“We all, at one time or another, are going to experience some kind of death that rocks us to our core … and there’s no escaping that,” writer and director Jacob Estes told TheWrap during this year’s Sundance Film Festival.
Estes’ new film, “Relive,” which premiered at the 2019 Sundance Film Festival, is a story of such loss. The film stars David Oyelowo as Los Angeles detective Jack Radcliff, who fields a distressed phone call from his niece Ashley (Storm Reid) and rushes to the rescue–only to find the girl and her parents dead in an apparent murder-suicide.
The film then takes on the air of a supernatural thriller as gets another call from Ashley after her death — from three days prior. With the cell-phone connection acting as a link between the past and the present, Jack urges Ashley to collect clues that will help him to solve her murder and change her fate.
“The movie is about this horrific loss that detective Jack Radcliff, played by David Oyelowo suffers,” Estes said during an interview at TheWrap studio at Sundance. “This movie is sort of this very dark territory where David’s character is allowed to maybe have an opportunity to talk to the dead to save her.”
The script for “Relive” originally centered on a white family living on a farm in Ohio, but the project changed after Oyelowo, drawn to the story’s emotional core, expressed interest in starring.
“For me, even though it had these genre elements, even though it had this wonderfully complex plot ultimately it was about love,” Oyelowo said at TheWrap’s Sundance studio. “It was about a love that would engender a man to reach through space and time to try and save his niece and for her to do the same for her family.”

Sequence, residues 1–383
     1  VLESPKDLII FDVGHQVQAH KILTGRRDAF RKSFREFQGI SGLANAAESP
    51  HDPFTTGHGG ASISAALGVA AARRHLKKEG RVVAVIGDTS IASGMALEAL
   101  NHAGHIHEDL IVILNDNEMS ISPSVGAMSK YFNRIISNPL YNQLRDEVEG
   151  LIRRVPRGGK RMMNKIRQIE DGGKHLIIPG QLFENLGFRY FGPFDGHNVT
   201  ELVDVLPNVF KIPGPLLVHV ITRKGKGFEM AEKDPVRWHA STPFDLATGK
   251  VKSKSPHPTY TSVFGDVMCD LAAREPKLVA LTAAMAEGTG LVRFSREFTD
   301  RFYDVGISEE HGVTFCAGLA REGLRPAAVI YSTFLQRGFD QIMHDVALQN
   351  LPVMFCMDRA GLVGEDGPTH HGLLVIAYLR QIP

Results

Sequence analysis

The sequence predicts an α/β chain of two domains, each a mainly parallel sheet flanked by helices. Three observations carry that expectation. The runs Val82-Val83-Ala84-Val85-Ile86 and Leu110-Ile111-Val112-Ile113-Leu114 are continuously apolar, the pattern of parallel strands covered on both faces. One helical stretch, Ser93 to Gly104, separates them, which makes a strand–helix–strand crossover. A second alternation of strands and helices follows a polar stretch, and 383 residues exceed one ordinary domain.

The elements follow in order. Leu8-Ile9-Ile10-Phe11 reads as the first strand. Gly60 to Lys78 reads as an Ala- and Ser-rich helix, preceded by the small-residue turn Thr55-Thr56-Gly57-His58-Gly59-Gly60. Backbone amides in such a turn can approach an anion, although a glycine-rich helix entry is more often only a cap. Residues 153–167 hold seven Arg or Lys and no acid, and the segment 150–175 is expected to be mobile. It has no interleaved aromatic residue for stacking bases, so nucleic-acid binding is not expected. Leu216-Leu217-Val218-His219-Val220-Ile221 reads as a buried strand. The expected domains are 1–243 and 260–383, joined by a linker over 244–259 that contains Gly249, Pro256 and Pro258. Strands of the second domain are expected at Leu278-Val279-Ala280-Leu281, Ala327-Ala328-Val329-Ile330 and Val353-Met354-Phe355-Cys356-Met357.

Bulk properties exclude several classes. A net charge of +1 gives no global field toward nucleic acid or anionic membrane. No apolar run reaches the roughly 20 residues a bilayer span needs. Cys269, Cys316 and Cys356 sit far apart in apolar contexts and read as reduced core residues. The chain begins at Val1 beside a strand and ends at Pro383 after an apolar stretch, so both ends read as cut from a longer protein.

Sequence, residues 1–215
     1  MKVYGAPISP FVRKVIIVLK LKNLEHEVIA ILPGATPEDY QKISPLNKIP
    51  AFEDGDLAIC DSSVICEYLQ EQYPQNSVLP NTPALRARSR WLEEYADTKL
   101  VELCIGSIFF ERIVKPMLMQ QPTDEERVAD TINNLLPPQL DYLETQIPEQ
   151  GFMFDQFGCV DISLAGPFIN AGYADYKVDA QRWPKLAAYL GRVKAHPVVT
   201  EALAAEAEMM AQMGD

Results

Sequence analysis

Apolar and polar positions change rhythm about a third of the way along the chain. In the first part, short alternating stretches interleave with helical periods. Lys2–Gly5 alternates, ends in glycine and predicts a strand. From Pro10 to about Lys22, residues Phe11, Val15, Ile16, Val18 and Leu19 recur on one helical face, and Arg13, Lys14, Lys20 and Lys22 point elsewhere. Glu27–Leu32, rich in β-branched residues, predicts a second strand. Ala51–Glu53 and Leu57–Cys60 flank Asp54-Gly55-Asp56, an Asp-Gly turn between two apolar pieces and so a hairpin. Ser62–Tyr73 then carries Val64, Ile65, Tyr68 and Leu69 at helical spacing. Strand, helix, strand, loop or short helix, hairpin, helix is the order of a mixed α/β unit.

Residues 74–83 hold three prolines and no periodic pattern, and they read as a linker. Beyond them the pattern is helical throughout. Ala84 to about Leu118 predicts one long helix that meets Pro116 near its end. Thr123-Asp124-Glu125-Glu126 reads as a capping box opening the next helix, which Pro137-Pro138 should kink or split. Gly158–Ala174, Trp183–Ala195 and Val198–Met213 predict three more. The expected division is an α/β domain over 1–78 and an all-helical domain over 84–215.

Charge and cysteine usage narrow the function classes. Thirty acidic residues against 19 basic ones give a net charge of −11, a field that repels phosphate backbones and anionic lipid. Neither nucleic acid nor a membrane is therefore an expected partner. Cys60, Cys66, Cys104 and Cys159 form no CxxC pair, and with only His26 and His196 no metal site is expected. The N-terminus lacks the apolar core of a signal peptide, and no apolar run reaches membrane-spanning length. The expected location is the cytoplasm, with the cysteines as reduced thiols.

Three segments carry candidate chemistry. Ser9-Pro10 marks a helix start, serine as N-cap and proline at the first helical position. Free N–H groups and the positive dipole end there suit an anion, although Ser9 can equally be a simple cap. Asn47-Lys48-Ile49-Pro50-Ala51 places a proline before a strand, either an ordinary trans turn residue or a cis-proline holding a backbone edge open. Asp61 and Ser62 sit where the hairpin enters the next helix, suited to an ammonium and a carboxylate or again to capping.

“Relive” plays as part supernatural thriller, part time-warped police procedural. The film, produced by Jason Blum’s Blumhouse Productions, taps into genre beats to deliver the love story Oyelowo was so keen on showing.
He said that underlying emotion was what they focused on during filming. They didn’t want to lean too heavily into the pulpy genre aesthetics and lose the realistic connection between the characters.
“We talked about tone a lot when we were doing the film and the tone that we went for was something very grounded, something that feels entirely plausible and realistic,” Oyelowo said. “We didn’t want to necessarily have a thunder clap that splits time or some kind of earthquake or something of that nature that we’ve probably seen in other movies before — it was theoretical and then everything else is literal and to me, that is the special quality of the film because you forget that there is an element of the premise that is far-fetched and then you just start transposing your own life onto this situation.”